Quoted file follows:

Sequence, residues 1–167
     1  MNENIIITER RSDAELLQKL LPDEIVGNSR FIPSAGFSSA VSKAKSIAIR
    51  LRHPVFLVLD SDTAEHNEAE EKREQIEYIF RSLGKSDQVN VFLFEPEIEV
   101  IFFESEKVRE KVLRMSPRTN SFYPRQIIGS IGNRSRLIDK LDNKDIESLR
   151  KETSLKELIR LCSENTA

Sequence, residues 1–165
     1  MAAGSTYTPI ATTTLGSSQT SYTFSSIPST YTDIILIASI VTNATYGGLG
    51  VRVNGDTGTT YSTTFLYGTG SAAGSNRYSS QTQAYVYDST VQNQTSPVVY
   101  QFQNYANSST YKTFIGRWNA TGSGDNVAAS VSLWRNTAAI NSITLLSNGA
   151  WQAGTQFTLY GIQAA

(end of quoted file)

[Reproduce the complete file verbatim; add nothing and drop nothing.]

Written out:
Sequence, residues 1–167
     1  MNENIIITER RSDAELLQKL LPDEIVGNSR FIPSAGFSSA VSKAKSIAIR
    51  LRHPVFLVLD SDTAEHNEAE EKREQIEYIF RSLGKSDQVN VFLFEPEIEV
   101  IFFESEKVRE KVLRMSPRTN SFYPRQIIGS IGNRSRLIDK LDNKDIESLR
   151  KETSLKELIR LCSENTA

Sequence, residues 1–165
     1  MAAGSTYTPI ATTTLGSSQT SYTFSSIPST YTDIILIASI VTNATYGGLG
    51  VRVNGDTGTT YSTTFLYGTG SAAGSNRYSS QTQAYVYDST VQNQTSPVVY
   101  QFQNYANSST YKTFIGRWNA TGSGDNVAAS VSLWRNTAAI NSITLLSNGA
   151  WQAGTQFTLY GIQAA